Saturday Flashback: Antti Tuisku – Jää tai mee

“It’s a builder.”

Tom: Suggested by an anonymous reader, this track’s in from Finland. It’s a couple of months old now, but I’m running with it anyway because first: it’s a builder, and second: I bet you’re surprised by the direction it builds in.

Tim: Hmm – mildly unexpected, I’ll grudgingly admit.

Tom: I was expecting a four-on-the-floor club banger, and what I got was something a bit more interesting: it’s up-and-down like a roller coaster, with more euphoric builds than should rightly fit into four minutes. I was surprised, actually: I thought it’d outstay its welcome, but I enjoyed it to the end.

Tim: As did I – there’s no real opportunity to get bored, what with the regular up and downing. I particularly enjoyed the video – I see quite a bit of myself in his often ridiculous dancing, and I appreciate it when that happens.

Tom: Finnish is a difficult language to translate, but one lyric stood out: “Have mercy on me now, do not play with my emotions”. He’s asking his partner to either stay or go — but just make their mind up either way. Not typical fodder for a dance track, that.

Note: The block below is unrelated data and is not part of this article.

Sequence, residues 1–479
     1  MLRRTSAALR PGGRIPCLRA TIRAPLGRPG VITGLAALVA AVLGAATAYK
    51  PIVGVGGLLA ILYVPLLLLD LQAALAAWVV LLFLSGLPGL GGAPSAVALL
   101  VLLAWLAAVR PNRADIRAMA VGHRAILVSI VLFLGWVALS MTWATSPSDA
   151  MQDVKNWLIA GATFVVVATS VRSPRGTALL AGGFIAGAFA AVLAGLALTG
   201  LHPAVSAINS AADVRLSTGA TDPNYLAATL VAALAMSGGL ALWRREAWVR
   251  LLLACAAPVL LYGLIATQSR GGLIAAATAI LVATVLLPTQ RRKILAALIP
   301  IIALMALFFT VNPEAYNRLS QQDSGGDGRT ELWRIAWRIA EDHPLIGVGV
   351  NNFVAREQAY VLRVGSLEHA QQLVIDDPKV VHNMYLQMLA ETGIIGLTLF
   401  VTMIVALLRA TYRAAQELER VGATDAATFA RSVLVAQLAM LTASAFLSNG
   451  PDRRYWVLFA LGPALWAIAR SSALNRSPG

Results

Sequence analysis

Tim: No, I guess not. Good work all round, then.

Antti Tuisku – Hyökyaalto

Unnecessary double handclaps.

Tom: Some Finnish electronic Europop for you now, Mr. Jeffries, suggested by reader Laura.

Tom: Hyökyaalto means ‘tsunami’, and he’s using that as a metaphor for love.

It’s a very listenable track, if not all that catchy. That “woah-oh-oh” breakdown before the chorus is great, and I’m always a fan of unnecessary double handclaps. It’s almost a bit U2-ish – add The Edge doing some electric guitar over the top and I think you’re basically there.

Tim: The intro got me nodding approvingly, and that feeling continued throughout, really. I slightly wish they’d done a bit more with the higher-pitched woah-oh-oh from the intro, through. The first time I heard it I did think it went on a bit after the bridge; the second time I also felt that, but didn’t mind at all.

Tom: Translated into English, I reckon this could be a hit over here.

There’s a curious disconnect between the video and the audio: in the video, his mouth putting so much energy and emphasis into every word, while the version of him in the studio seems to be singing quite calmly.

Tim: Sure, but if you put that amount of energy into a normal recording studio he’s going to end up knocking through the walls with his arms.

Tom: Not sure about the cuddle-party during the bridge, though.

Tim: Yeah – doesn’t really fit with the whole love idea.